There's much to be said for owning individual stocks. Especially for those of us nearing retirement. Why? Several reasons. They offer visibility, stability, good yields, and the clear ability to be socially responsible. Let's take a look at their pros in some more depth, and especially as compared to Exchange Traded Funds (ETFs).
1. Knowing and understanding what you own
When markets are up and your investments are increasing in value, no one ever questions what they own. But let those markets turn negative and too many individual investors panic and sell, thinking they're running for safety. When you know and understand what you own, which is easy to do with individually owned stocks, you are less likely to sell and may even decide to buy! Every company has its ups and downs but with companies that are financially sound, have strong brands and good management, the downturns are indeed opportunities to buy more stock on sale.
As a comparison let's look at Exchange Traded Funds (ETFs). As a basket of stocks, ETFs are, by their nature, more complex and less easy to know and manage. Their very mixture ensures they may encompass more volatile stocks that can be hard to manage. And unlike individual stocks, when markets turn south ETFs are forced to sell in order to re-balance.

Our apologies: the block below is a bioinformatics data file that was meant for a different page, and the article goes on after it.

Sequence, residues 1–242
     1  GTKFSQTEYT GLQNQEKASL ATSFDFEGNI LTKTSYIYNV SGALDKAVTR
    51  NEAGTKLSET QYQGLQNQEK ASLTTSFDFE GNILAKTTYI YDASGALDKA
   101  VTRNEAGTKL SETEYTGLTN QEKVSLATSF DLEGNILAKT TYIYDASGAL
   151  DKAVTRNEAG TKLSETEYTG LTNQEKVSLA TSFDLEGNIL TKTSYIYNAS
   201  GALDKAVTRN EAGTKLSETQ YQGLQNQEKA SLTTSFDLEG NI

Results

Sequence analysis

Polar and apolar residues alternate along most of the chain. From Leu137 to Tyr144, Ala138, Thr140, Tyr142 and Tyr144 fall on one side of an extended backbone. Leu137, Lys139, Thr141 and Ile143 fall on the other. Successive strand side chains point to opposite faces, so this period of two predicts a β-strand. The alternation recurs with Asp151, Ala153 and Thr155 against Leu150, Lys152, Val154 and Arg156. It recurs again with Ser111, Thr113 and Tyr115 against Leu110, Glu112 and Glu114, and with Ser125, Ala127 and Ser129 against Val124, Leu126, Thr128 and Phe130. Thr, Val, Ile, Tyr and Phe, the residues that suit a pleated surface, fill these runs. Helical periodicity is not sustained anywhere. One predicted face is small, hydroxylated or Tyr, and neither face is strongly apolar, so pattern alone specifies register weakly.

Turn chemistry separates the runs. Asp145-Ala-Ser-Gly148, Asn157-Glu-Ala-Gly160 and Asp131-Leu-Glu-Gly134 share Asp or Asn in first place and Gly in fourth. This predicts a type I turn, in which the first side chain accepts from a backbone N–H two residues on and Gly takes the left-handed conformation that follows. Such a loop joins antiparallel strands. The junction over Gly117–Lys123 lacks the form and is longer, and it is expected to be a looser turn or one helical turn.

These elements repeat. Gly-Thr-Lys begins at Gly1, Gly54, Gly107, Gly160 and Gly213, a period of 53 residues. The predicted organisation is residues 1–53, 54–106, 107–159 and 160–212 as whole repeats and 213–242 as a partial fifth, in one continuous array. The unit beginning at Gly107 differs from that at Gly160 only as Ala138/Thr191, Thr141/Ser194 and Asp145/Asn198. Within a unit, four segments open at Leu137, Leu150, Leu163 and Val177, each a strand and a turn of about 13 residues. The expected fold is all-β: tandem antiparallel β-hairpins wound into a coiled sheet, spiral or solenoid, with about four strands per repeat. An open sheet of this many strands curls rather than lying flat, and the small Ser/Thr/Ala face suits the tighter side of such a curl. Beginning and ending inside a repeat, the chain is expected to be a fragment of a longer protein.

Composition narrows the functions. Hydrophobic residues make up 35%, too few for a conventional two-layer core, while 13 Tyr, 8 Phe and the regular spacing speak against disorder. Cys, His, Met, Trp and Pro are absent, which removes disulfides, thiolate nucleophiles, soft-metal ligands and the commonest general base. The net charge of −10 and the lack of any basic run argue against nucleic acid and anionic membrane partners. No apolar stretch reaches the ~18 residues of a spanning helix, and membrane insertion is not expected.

In short, it may be fine owning ETFs when you're 25 and just looking to sock away money, but not when you're 65, or even 55 and looking for more stability and consistent income stream.
Customization describes compiling a portfolio that meets an individual's needs and values. When meeting with prospective clients two concerns or desires come up again and again. People want to know how much income their investments will generate. and if they are socially responsible. Both are easy enough to answer and fulfill with individually owned stocks, but not so much with ETFs.
First of all, when you buy an ETF, you are held to the yield the fund provides, even if it trends lower. If you need more of a yield you are out of luck.
Secondly, while there are socially responsible ETFs, their fundamentals, and especially financial stability, are not screened. You may not know the quality of what you are getting i.e. while the stocks within the bundle may all be socially responsible, they may not be financially sound. You have to take the good with the bad.
3. Herd Mentality
When the market goes down, it is often a buying opportunity for good companies. But owning an ETF does not allow you to take advantage of a down market. This is because the ETF is forced to buy and sell as investors add and withdraw money. This can lead to unwanted tax implications. Owning individual stocks, on the other hand, means as an investor you can delay any tax related costs based on your individual needs.